Thursday, June 13, 2013

Update: Elmo the Altendorf Saw (Now With Humbling Picture of the Saw I Use)

Ever wonder what the most advanced table saw in the world looks like?

That's the Altendorf F45. Altendorf named it Elmo. No, I'm not really sure why, but I suspect it has something to do with Oscar's unwillingness to leave the trash can, Grover being weirdly lanky, and Big Bird being too tall to effectively use it.

You can balance a quarter on it's edge on the table surface with the saw running and it won't topple over. Why would you want to do this? Well, primarily to show off, usually at a trade show trying to sell them to woodworkers I'm told.

But seriously, that's my uncle's table saw. Altendorf is a German company that's been making saws for over a hundred years. The consensus among woodworkers is that they make the best saws in the world, and Elmo is their best. Their price reflects that. Nobody but professionals (or those with more money than brains) can afford Altendorf saws. Realistically, you should be running a high-volume shop to make owning one of these suckers worthwhile.

All that being said, if I'm spending a few days in my uncle's shop, you bet your ass I'm playing with this saw.

There are two things that set Altendorf saws apart from other table saws, precision and computerization. First off, precision: you can set this saw's fences in thousandth of an inch increments (.001). To put this in perspective, 1/8 of an inch (we Americans commonly measure 1/2, 1/4. 1/8, etc) is .125 inches. This level of precision allows you to make remarkably well-fitting pieces and is incredibly useful for custom work or restoration work.

Where this saw shines is how computerized it is.

The digital interface

This touch screen allows you to set the saw blade height, rpms at which that saw blade spins, to tilt the blade in tenth of a degree increments, rip fence dimension, two cross cut fences, and to enable the small scoring blade that ensures no splintering when cutting a veneered plywood.

On my saw it's important when making up pieces to set the saw once and then cut all of the pieces you need. If I need five pieces that are two inches wide at home, I set the rip fence to two inches and cut five pieces. If I cut four, move the rip rip fence, and then realize I needed five, I will *never* get that rip fence in exactly the same place. I can get close, but my saw has nowhere near the precision of the Altendorf. On the Altendorf if I forget to rip a piece at two inches, I just set the computer to two inches again, and I know that within .001 inches, it's going to be two inches.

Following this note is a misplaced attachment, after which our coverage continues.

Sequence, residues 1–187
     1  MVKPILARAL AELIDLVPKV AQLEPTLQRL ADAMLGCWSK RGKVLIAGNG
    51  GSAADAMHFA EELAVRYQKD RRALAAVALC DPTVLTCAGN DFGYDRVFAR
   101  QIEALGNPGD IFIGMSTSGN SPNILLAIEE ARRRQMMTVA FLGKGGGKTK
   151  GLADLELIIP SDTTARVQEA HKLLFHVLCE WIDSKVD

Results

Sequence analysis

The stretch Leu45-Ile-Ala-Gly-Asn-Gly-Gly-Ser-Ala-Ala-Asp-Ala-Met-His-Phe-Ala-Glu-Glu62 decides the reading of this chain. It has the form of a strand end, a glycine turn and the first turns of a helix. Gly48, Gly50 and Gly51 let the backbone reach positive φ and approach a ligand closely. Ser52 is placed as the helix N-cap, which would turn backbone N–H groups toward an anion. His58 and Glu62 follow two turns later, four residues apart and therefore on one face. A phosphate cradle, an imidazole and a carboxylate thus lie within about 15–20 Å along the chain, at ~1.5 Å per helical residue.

If a person were so inclined (and pros often are), you can program entire projects into the saw's computer. It will tell you what pieces to cut, when, where, and automatically set the fences and blade to the proper settings. All you have to do is move wood around and cut, cut, cut. This saw will cut your project's parts dead accurate, and if you put in your lumber dimensions, it will make the cuts in the most efficient manner possible, minimizing waste.

I mentioned the scoring blade, and this is something I really wish my saw had. Plywood is an incredibly useful material because it reduces cost, weight, and time in countless projects. Even among high-quality custom cabinets or bookcases, the sides and shelves are commonly made of plywood and then covered with a very, *very*, thin veneer of whatever material you're using (red oak, walnut, maple, etc...). As veneer companies have gotten more sophisticated, they have been putting thinner and thinner veneers on the plywood. The thinner the veneer, the more likely it is to chip when you cut it. In order to cleanly cut veneer, you need a high-quality saw, a really sharp blade, and ideally, a scoring blade. A scoring blade is a small blade that raises up slightly (1/16 of an inch or so) and in front of the primary cutting blade. By scoring the veneer ahead of the primary blade, it radically reduces (if not eliminates entirely) chipping of the veneer.

Like I said, there's virtually no reason for anyone not running a high-volume shop to own Elmo, but boy is it a cool toy to play with if you've got the chance.

To compare here's the saw I use (which I only have because my uncle got Elmo and hooked us up with his old saw):

Note the lack of a digital interface

No computers. No automated fences. No scoring blade. However, all things considered, it's a damn good saw. It was sufficient for my uncle's business for years. He ran an awful lot of work through this thing and it's still ticking.

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